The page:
New Orleans officials urged residents who did not evacuate to remain sheltered until the city can assess damage, likely Monday morning.
“Be calm in the midst of this storm,” Mayor LaToya Cantrell said. “You have everything you need. We will get through this together.”
City officials also expressed confidence in the flood protection system, which underwent a $14 billion upgrade after failing during Katrina. Hurricane Ida could dump up to 20 inches of rain on the city, Deputy City Administrator Officer Ramsey Green said.
However, a levee overtopped in Plaquemines Parish south of New Orleans, prompting officials to issue a warning.
New Orleans residents were asked to conserve water because of an electrical outage affecting the sewer system. Local utility Entergy New Orleans said it had provided extra generators and is working to find the cause of the outage, which did not affect the pumping system that clears the city of floodwaters, Green said.
Still, “it’s an incredibly fragile system. That system can change at any point,” Green warned.
Ida intensified so swiftly over three days that Cantrell said last week there was no time to organize a mandatory evacuation. She had, however, urged the city’s 390,000 residents to leave voluntarily and warned those who stayed to prepare for long power outages.
Residents of the capital city of Baton Rouge, about 80 miles northwest of New Orleans, were also advised to leave for safer ground, but not all had the capability.
“Our bank account is empty – we can’t afford to leave,” said Robert Owens, 27, who had little choice but to ride out the storm at his family’s duplex apartment with his wife, mother-in-law, roommate and four pets, lacking the money for gas and a hotel room to go elsewhere.
Ida, moving over the extremely warm waters of the Gulf, saw its top winds grow by 45 mph in five hours. The phenomenon, known as “rapid intensification,” is typically defined as a tropical cyclone whose wind speeds increase at least 35 mph in 24 hours, according to Colorado State University meteorologist Phil Klotzbach. That can happen when a storm encounters an extremely conducive environment such as very warm water, low vertical wind shear and high levels of mid-level moisture.
“This is a sight no one wants to see on satellite,” the National Weather Service tweeted as Ida advanced, calling the storm a “serious, life-threatening situation.”
The winds began whipping through New Orleans on Sunday as the outer edge of Ida approached. As the power outages commenced, Entergy said 16,000 crew members were ready to assess damages and restore power when conditions allowed.
“Conditions will be extremely hazardous,” the city Office of Homeland Security and Emergency Preparedness tweeted. “Power lines may fall and debris could become projectiles. Get inside and stay inside.”
Residents were heeding the warnings. Aside from the gusting wind, the scene was eerily quiet in New Orleans’ empty streets as the storm approached. During lesser storms, cars park atop curbs or pack onto grassy medians that divide many of the roads. But ahead of Ida, few cars could be seen, a sign that many local had fled ahead of the storm.
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A few miles northeast of Port Fourchon, Grand Isle Police Chief Scooter Resweber said the roof of the police station was imperiled on the barrier island.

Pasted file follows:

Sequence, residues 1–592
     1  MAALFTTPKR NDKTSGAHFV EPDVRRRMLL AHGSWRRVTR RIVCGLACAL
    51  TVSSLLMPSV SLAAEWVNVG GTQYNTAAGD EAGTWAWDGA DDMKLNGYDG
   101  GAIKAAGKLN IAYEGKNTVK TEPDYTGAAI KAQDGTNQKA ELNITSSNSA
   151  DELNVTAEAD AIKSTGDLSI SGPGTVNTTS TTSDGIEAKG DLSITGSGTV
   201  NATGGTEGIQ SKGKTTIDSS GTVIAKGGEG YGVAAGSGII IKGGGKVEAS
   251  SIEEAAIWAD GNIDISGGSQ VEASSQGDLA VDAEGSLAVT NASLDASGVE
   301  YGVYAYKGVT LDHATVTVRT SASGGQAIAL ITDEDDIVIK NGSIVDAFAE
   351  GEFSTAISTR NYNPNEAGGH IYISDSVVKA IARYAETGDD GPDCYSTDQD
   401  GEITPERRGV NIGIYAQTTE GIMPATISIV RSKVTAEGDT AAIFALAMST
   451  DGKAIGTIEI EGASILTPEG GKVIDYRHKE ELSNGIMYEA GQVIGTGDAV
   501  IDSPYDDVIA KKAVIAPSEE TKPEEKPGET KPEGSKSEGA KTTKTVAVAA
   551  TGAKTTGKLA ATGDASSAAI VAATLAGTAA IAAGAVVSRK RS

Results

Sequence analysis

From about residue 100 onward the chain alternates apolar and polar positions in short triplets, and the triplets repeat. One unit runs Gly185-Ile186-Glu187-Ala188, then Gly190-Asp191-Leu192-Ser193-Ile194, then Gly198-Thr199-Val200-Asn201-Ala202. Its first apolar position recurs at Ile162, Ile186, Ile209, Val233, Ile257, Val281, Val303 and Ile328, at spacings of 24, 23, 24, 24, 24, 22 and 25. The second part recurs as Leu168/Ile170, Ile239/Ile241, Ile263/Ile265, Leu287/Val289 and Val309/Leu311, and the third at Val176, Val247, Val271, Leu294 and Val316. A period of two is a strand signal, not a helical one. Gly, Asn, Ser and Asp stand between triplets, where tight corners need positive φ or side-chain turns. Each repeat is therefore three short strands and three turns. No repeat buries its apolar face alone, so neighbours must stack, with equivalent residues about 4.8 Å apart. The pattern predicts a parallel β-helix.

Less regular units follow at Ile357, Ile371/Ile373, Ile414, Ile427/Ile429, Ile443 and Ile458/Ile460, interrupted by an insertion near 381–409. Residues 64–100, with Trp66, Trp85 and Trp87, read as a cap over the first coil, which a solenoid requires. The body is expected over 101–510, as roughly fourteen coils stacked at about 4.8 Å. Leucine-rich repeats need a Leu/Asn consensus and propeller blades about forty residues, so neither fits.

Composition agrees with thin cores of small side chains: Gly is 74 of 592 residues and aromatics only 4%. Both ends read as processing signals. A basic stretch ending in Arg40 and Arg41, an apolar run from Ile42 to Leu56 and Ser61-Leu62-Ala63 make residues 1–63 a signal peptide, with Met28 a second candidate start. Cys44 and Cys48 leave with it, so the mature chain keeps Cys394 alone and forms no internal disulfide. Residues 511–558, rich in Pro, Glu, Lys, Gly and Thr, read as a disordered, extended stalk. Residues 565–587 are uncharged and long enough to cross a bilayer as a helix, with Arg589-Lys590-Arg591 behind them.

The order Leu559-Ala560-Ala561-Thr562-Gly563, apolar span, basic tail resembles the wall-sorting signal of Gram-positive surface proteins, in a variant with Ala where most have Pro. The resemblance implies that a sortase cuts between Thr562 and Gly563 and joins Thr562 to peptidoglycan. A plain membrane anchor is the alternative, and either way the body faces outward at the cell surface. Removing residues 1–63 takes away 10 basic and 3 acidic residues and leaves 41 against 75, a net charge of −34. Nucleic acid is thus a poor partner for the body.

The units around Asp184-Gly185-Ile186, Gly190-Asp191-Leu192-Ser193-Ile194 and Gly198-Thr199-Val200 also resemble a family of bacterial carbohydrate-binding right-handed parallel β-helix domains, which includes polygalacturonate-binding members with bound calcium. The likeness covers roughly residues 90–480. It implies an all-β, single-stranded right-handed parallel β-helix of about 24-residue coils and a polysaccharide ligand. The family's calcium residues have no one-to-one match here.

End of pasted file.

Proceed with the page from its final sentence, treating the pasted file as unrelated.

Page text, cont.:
“We’re still in the middle of this thing.” Resweber said. “The lower floor and all of the police cars are flooded.”
In Terrebonne Parish, 50 miles southwest of New Orleans, Sheriff Tim Soignet said at least 60% of residents had evacuated. The Terrebonne Office of Homeland Security and Emergency Preparedness posted on its Facebook page that, because of dangerously high winds, emergency medical services were no longer operating there.
“Please remain indoors and away from windows,” the post said. “Stay safe Terrebonne!”
The nonprofit Cajun Navy Foundation is planning to send its Cajun Navy Ground Force to Houma, Louisiana, in Terrebonne Parish, on Monday once the situation is safe, foundation founder Rob Gaudet said.
He estimated that more than 100 volunteers will descend to the area to help with cleanup and other related efforts.
“We feel an even greater sense of urgency to be prepared,” Gaudet said. “And we went, actually last night, and purchased about three more chainsaws and kits.”
Volunteer Jay Carter, of Georgia, said his son texted him while he was on his way to Louisiana. His son didn’t want Carter to leave.
“I basically told him that we all do this because one day if you’re ever in trouble, our kids, ourselves, then hopefully someone like the Cajun Navy will come along help us as well,” Carter said.
More than 2,000 FEMA emergency personnel were deployed to Alabama, Florida, Georgia, Louisiana, Mississippi and Texas, including seven FEMA Incident Management Assistance Teams in Louisiana and Mississippi, the agency said.
Storm preparations were complicated by the pandemic. Louisiana has been overwhelmed with cases, and most hospitals were preparing to continue operating through the storm. Ochsner Health, Louisiana’s largest hospital system, equipped its hospitals with power generators and boilers to ensure the availability of hot water and power.
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Edwards said shelters would operate with reduced capacities to reflect the “realities of COVID.” Immigration and Customs Enforcement and the Customs and Border Protection agencies said they would not conduct immigration enforcement at locations where disaster and emergency relief was being provided.
On Saturday, more than 90% of the Gulf of Mexico’s oil production was shut down as Ida churned through the western Gulf of Mexico. About 85% of the Gulf’s natural gas production had also been halted, according to the federal Bureau of Safety and Environmental Enforcement.
Workers had been evacuated from at least half of the 560 production platforms in the Gulf, according to the bureau.
Five named systems have reached the U.S. this year, but Ida was the first to make landfall at hurricane strength.
Bacon reported from Arlington, Virginia. Contributing: Susan Miller and Doyle Rice, USA TODAY; Andrew Yawn, The American South; William Potter, The (Lafayette, Louisiana) Daily Advertiser; Emily Enfinger, Keith Magill and Kezia Setyawan, The (Houma, Louisiana) Courier; Greg Hilburn, the (Monroe, Louisiana) News-Star